“People don’t want to talk about death because talking about it makes it real,” says Mooney, who researches mortality for the University of Missouri and is also a social worker for hospice and end-of-life care. “But there’s a saying in the Death Café world that talking about sex won’t make you pregnant and talking about death won’t make you die.”
Still, it’s scary at first. Do you remember the first time you realized you were going to die? Like, really realized it? I do. For me, it happened around age 9 during a visit to my grandparents’ home in Long Island. As I lay in a twin-sized guest bed listening to the sound of cicadas chirruping in the humid summer night, an understanding of my mortality hit me like a wave. Nothing in particular inspired this feeling, but there it was, definite and staggering. Someday, I will die. A pit grew in my stomach, the edges of my vision went dark. I cried out for my mother and when she came to me I told her, sobbing, what I’d been thinking about. Ever the realist, she brushed back my hair and said, “Of course, sweetheart. We all will. But you won’t for a very long time, so try not to worry about it.”
I worried anyway. Throughout childhood, I probably obsessed about death more than the average kid considering I kept a folder on my computer’s desktop titled “In Case I Die.” (Naturally, it was full of terrible poetry to read at my funeral, letters to friends, and directives about who should inherit my book collection in case of my untimely demise.) It was twee more than practical, but when I was a teenager, several family members died without planning much—one after a battle with terminal disease, another more suddenly—leaving the rest of the family to deal with their possessions and unclear wishes amid our grief. I vowed I wouldn’t pass as they did.
Yet seriously thinking about my own mortality still terrified me, even years later as I got my start in journalism as a crime reporter and became inured to regularly reading grisly coroner’s reports. Eventually, it was time to face the music. I forget how I first learned of Death Café, but the concept hit on something I needed to explore.
Like me, Louvain Rees’ interest in death changed after her father passed. Today, she’s a historian who studies death and remembrance in Welsh culture. Because there were no Death Cafés hosted near her in Wales, Rees will soon be hosting one of her own at St. Fagans National Museum of History, which will include handling sessions with the museums’ “mourning collection,” such as jewelry made from human hair. “I cannot say that I have fully accepted the inevitable,” she says, “but I am in the process of doing so.”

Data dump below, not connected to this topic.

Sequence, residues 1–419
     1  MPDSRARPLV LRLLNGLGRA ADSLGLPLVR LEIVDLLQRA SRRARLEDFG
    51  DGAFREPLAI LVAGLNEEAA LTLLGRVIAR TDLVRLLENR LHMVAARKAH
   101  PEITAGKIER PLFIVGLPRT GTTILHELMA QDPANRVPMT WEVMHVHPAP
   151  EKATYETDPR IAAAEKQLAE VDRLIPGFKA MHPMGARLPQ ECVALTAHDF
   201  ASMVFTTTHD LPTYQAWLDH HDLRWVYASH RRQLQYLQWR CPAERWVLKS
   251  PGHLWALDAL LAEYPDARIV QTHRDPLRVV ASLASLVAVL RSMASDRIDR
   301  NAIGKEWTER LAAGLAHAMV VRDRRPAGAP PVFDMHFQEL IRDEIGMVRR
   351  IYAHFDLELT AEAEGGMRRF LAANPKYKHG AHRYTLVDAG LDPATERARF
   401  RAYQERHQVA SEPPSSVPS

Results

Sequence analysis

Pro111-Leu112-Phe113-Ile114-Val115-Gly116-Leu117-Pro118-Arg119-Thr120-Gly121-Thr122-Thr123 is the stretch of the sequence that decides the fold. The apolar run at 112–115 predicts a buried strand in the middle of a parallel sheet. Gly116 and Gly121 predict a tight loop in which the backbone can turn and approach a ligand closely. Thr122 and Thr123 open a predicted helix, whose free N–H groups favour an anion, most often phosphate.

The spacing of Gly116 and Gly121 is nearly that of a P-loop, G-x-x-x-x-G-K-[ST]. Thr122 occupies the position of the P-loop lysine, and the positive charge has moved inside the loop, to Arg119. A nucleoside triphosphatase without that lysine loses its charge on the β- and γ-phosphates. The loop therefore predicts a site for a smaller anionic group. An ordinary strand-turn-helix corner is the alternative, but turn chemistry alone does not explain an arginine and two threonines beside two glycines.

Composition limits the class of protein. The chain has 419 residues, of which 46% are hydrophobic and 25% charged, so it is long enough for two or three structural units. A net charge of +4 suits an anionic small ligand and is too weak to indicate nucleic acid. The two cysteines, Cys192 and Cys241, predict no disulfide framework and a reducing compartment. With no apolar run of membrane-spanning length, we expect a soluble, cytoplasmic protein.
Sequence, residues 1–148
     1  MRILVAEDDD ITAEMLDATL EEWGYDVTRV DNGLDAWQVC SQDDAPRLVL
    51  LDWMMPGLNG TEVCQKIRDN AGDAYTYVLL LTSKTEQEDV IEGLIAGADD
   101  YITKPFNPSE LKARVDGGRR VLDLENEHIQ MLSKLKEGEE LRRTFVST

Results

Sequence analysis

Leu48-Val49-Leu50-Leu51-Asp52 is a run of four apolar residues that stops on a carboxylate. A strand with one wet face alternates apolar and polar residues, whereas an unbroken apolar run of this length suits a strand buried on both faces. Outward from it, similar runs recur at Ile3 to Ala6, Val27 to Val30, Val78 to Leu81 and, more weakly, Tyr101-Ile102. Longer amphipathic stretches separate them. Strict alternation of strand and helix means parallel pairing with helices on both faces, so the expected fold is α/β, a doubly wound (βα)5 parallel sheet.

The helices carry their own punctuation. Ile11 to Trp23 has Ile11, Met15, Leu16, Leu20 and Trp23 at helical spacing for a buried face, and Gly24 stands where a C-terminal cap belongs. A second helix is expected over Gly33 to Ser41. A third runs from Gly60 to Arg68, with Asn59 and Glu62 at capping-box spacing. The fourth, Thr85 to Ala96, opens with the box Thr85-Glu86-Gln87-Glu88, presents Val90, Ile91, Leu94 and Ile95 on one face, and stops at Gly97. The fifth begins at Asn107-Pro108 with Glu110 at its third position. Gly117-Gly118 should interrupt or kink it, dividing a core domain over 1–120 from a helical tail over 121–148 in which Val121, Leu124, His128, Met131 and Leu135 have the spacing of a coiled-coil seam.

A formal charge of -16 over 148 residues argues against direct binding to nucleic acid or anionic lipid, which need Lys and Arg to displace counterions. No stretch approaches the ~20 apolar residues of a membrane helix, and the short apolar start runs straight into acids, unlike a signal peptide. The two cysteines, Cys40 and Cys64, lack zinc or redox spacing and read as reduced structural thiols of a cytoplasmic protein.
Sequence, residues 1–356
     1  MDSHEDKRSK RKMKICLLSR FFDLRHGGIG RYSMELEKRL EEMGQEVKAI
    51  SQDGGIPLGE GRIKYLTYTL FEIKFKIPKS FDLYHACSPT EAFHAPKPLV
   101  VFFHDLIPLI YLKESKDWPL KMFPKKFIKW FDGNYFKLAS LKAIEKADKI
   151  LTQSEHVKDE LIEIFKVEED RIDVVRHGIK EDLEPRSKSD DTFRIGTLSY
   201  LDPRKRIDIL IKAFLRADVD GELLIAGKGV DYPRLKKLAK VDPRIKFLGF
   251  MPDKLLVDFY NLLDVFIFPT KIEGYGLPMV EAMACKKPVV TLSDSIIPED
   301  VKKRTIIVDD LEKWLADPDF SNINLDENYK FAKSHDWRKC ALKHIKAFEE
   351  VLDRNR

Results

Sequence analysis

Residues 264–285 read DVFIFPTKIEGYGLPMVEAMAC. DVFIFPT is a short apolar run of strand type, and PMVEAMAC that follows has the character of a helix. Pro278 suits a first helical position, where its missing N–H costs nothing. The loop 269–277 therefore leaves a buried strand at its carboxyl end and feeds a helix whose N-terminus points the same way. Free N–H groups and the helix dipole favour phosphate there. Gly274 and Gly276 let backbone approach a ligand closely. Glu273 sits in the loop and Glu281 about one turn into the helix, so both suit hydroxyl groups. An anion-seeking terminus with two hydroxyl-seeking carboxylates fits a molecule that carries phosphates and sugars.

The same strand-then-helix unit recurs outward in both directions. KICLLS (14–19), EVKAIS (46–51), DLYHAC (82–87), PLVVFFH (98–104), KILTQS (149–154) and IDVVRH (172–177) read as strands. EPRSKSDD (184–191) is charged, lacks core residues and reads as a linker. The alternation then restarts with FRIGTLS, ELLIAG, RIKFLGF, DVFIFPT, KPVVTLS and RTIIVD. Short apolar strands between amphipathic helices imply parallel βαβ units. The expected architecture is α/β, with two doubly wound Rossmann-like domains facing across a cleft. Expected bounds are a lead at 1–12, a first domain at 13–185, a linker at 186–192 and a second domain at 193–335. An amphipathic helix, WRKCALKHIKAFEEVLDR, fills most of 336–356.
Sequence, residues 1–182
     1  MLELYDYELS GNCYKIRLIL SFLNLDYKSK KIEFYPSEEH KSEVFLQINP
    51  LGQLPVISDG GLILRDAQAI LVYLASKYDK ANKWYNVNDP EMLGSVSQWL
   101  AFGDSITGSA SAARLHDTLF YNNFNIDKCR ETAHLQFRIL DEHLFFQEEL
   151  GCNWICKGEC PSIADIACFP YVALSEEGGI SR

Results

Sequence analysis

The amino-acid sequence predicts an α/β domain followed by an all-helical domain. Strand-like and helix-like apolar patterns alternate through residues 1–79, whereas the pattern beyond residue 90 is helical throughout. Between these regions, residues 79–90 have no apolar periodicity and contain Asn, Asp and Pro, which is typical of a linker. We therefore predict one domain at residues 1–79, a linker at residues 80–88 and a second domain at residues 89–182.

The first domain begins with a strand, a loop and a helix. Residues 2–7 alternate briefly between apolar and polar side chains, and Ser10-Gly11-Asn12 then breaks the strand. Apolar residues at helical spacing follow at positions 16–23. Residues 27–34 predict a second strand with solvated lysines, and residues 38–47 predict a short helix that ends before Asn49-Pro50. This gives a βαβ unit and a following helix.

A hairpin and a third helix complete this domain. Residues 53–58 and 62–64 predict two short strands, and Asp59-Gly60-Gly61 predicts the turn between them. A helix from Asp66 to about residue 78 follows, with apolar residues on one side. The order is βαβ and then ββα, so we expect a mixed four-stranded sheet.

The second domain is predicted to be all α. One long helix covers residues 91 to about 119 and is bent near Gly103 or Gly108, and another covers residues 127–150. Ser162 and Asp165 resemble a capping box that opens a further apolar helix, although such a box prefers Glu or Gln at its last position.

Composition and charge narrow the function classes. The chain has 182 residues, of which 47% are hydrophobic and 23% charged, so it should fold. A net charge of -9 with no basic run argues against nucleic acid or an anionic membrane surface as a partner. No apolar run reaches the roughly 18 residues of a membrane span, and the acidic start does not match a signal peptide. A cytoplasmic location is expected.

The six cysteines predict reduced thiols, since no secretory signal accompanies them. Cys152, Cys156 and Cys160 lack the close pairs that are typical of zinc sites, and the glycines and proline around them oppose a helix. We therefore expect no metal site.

Discussing death can feel a bit like talking about a hangover while you’re still enjoying the party, yet it can be immensely liberating and help prioritize what’s important in life. Mooney, who grew up dreaming of being a mortician, hosted her first Death Café in 2013 and, since then, has helped kick off events in Hong Kong and Austin. A pivotal moment came when her death-avoidant father attended the first café she ever hosted. Soon after, he began picking out funeral songs. “Every time I got in the car, he played Patty Loveless’ ‘How Can I Help You Say Goodbye,'” she says. “From that, he planned his funeral, made health care directives, did everything.” Death Café not only helped him confront his own mortality, she says, but made things much easier for her when he passed away nine months ago.
“I started making some big changes in my life because I didn’t feel like I was being true to myself,” Mooney says. “I felt I was just existing in certain areas of my life.”
Likewise, attending Death Cafés have loosened something in me. I haven’t gotten over all of my fears, and that’s fine. Death Café doesn’t aim to eliminate existential dread; it’s just about opening dialogue about something we’ll all have to face someday. It’s eye-opening to walk into a room full of strangers and remember that you have one essential thing in common. I’ve always been the youngest one in the room at these meetings and, several times, people have come up to me at the end of meetings to commend me for it.
“You’re so young to be thinking about death,” one older woman said to me. “I wish I had done this at your age.”